I've been meaning to sink my teeth in Michael Fineman's explanation of "brand PR", in two parts, which I think really gets at how those of us trained in traditional PR can apply what we know to advancing a company's strategic goals. What Fineman really gets at is bridging the divide between PR and marketing in a way that respects and stays true to the discipline of public relations:
So, in a nutshell, Brand PR as I originally defined it and continue to uphold today is about communicating meaning — what the brand stands for — with a focus on building emotional connections with shared values, creating a "persona," establishing a voice, and demonstrating clearly how the brand meets a demand, trend or issue. But the concept can only really be explained with an example.
The example he provides is a good one: A campaign on behalf of a California-based poultry company to educate local consumers about the habit of out-of-state competitors to use saltwater to keep their chicken fresh:
In the end, we earned 300 million media impressions, 50,000 signatures on petitions to the USDA to disallow the "fresh and natural" labeling on "plumped" chicken and these efforts were championed by a U.S. Senator from California (still under review by USDA.). The Los Angeles Times endorsed the Foster Farms campaign, possibly the first commercial campaign endorsed in a Times editorial. The campaign also earned Foster Farms, Goodby Silverstein & Partners, and Fineman PR an Effie, one of the most prestigious ad and marketing industry awards. Foster Farms won solid consumer positioning as a trusted brand, providing consumers what they wanted: optimal value at a time when many food producers were shrinking packages to leverage profit.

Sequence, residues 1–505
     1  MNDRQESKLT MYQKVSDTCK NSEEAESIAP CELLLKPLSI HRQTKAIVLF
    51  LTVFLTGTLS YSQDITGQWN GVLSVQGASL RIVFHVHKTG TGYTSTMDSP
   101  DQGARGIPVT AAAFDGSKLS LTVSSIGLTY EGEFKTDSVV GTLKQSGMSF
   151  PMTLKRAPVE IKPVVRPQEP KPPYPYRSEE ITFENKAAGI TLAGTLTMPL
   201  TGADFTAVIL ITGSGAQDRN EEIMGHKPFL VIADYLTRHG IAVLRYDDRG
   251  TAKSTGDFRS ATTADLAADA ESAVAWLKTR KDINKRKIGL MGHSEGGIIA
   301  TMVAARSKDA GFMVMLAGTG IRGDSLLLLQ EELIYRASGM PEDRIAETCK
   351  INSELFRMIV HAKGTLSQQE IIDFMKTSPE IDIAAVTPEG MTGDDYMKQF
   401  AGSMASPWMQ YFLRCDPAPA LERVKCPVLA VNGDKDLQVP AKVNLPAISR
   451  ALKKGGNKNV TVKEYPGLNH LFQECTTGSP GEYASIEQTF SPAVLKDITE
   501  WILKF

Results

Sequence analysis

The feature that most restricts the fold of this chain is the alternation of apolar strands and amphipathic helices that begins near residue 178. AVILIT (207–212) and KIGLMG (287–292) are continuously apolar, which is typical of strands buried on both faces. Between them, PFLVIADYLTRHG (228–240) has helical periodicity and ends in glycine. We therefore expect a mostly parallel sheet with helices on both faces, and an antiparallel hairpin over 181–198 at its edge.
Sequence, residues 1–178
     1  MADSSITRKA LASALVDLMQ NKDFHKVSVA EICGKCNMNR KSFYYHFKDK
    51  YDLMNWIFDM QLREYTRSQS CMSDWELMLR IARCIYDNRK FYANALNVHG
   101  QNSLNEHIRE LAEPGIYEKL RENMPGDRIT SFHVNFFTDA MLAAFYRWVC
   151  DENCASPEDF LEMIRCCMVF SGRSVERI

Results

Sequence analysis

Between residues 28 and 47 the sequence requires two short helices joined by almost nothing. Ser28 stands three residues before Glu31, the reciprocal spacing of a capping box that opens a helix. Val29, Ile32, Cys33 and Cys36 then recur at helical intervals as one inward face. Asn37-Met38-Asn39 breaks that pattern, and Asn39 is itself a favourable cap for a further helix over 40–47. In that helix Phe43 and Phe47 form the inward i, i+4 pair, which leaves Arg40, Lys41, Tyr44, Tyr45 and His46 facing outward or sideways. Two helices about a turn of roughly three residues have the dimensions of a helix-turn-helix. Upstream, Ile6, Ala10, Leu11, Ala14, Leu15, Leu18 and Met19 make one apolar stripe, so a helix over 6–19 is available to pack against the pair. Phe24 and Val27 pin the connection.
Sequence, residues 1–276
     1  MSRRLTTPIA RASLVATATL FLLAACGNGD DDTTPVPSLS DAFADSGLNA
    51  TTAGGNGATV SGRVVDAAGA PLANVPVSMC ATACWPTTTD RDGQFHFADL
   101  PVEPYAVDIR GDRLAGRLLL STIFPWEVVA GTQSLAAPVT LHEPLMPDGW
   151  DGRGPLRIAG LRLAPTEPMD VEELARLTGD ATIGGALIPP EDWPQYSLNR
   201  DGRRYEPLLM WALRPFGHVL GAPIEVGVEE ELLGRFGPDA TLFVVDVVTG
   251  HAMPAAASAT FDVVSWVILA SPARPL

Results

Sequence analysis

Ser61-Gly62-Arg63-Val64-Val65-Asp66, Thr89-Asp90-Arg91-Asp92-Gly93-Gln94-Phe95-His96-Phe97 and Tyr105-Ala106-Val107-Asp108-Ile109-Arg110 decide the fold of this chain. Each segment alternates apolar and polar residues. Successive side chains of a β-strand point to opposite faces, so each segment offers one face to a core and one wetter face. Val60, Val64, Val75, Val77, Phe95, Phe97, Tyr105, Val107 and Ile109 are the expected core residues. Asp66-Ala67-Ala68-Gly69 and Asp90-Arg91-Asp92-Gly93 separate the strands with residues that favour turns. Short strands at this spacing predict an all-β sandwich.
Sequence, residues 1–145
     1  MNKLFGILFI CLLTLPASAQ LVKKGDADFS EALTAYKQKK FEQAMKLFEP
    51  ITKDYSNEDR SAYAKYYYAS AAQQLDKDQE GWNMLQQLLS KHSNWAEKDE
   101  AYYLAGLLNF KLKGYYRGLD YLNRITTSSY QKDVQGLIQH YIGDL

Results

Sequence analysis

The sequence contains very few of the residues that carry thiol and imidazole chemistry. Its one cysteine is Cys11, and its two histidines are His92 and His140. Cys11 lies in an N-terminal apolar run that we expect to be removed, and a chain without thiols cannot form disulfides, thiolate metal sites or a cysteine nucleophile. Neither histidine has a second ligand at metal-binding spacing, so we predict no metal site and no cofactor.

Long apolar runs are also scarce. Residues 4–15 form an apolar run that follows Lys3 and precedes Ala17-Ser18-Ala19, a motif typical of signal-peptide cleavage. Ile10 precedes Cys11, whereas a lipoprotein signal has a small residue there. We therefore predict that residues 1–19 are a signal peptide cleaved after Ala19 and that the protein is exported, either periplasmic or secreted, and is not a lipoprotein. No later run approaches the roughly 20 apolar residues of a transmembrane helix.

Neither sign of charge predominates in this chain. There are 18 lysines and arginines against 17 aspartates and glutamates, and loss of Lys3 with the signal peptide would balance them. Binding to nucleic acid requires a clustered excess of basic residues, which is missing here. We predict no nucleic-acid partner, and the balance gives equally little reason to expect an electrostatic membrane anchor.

Consumers got it. Market share was maintained during this period, and that was especially notable compared to most industry producers' loss of market share to private label during the same period.What more can I add? This is exactly the kind of public relations we should all be practicing.